More than 20 people in the U.S. have tested positive for omicron
More than 20 people across 11 U.S. states have tested positive for the omicron variant of the virus that causes Covid-19. The patients range in age, vaccination status and travel history, but none of them have developed severe disease so far.
While some patients had recently traveled in southern Africa, where the variant was first detected, others had no travel history, indicating that community transmission is underway in the U.S.
“We absolutely have community spread in this country,” Dr. Anthony Fauci told Bloomberg Television on Friday. “We don’t know how many of them, but there’s no doubt there’s community spread.”
Scientists and public health officials are still collecting data on whether omicron is more transmissible, better evades immune protection from vaccines, and/or causes more severe disease than other variants.
Those who have tested positive in the U.S. have all shown mild to moderate symptoms and none of the patients have been hospitalized so far, according to the most current information from state public health departments. However, mild cases of Covid can progress to more severe disease over time.
Many of the people who have tested positive in the U.S. were fully vaccinated. At least two of the patients who were immunized had not received booster shots yet, but another person had received their additional dose. And in at least one case, a person who had previously recovered from Covid tested positive for omicron.
While the handful of cases in the U.S. don’t provide any definitive answers about omicron, the World Health Organization said Friday that early data suggests the virus is more contagious. And South African scientists published a study, which has not yet been peer reviewed, that found omicron carries a higher risk of reinfecting people who previously caught Covid than past variants.
Although some of the people who tested positive for omicron were fully vaccinated, the fact that they have developed mild symptoms suggests that the shots are still providing protection against severe disease from the variant, U.S. health officials said. Fauci said Friday during a White House Covid briefing that lab studies indicate booster shots increase antibody protection against a range of variants.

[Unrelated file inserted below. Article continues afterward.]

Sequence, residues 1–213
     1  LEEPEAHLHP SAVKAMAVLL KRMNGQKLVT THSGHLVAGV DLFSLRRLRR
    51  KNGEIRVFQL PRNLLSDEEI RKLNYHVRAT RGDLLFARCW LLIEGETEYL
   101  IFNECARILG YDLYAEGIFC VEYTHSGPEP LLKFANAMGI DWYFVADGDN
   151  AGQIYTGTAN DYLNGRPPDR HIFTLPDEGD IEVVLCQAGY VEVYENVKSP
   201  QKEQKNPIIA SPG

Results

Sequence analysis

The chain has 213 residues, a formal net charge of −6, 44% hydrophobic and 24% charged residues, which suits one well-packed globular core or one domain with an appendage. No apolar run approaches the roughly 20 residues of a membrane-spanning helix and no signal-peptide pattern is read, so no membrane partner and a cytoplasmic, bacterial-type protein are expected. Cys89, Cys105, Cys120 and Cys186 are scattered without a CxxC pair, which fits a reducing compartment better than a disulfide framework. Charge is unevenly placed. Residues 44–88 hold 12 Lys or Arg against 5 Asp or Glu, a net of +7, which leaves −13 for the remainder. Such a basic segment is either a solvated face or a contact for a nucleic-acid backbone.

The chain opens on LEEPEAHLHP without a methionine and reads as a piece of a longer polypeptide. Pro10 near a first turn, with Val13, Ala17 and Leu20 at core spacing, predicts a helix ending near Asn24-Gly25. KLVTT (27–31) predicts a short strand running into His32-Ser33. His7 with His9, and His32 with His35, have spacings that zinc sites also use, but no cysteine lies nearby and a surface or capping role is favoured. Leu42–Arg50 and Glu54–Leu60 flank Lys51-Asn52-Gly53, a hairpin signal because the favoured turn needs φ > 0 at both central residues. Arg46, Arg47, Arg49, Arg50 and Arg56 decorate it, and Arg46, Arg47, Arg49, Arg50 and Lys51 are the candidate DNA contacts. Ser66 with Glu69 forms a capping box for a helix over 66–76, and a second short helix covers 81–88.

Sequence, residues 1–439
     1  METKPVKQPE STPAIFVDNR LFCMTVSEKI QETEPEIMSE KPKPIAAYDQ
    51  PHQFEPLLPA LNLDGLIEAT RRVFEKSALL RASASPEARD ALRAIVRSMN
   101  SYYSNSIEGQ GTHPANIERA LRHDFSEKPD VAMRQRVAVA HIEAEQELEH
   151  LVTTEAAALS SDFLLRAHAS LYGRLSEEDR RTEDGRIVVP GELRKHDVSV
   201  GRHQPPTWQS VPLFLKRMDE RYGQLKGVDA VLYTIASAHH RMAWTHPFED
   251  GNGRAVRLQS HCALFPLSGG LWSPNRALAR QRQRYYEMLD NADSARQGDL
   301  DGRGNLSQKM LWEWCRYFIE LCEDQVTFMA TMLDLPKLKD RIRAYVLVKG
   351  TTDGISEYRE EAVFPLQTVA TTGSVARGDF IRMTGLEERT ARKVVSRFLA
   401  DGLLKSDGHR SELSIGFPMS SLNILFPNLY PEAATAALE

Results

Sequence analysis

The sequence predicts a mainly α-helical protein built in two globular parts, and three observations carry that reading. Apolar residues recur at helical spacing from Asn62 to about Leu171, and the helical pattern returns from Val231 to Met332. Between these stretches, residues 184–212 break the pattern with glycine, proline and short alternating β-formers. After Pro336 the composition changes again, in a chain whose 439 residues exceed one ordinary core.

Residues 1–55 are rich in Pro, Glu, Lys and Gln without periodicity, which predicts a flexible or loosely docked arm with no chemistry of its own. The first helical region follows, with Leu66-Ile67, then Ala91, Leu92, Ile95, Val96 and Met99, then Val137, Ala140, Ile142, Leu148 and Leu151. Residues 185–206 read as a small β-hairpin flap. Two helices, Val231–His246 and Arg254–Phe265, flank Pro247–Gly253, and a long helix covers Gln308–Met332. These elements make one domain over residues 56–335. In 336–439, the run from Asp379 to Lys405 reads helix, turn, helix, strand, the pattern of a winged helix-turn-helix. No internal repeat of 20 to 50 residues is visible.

“There’s every reason to believe that if you get vaccinated and boosted that you would have at least some degree of cross-protection,” Fauci said, “very likely against severe disease, even against the omicron variant.”
California confirmed the first U.S. case of omicron Wednesday in a person who recently returned from South Africa to the San Francisco area. The person was between 18 and 49 years of age, fully vaccinated and was not eligible for their booster shot yet, according to Gov. Gavin Newsom. The person showed mild symptoms and is expected to make a full recovery, Newsom said Wednesday.
“The evidence that an individual with omicron identified by sequencing actually has mild symptoms, is improving, I think is a testimony to the importance of the vaccinations,” said Dr. Mark Ghaly, California’s Health and Human Services secretary.
California confirmed a second omicron case Thursday in the Los Angeles area. That adult was also fully vaccinated and had recently returned from South Africa via London, according to the city health department. The person’s symptoms are improving without medical care, officials said.
“This infection is most likely travel-related,” the Los Angeles County public health department said. The department, citing privacy concerns, would not disclose the person’s age or booster status when asked by CNBC on Friday.
In Minnesota on Thursday, public health officials confirmed an omicron case in an adult male who was fully vaccinated and had recently returned from an anime convention at the Javits Center in New York City. His symptoms were mild and have since resolved, according to the state health department.
The Minnesota resident had received a booster shot prior to attending the convention in New York, Minnesota public health spokesman Doug Schultz told CNBC on Friday.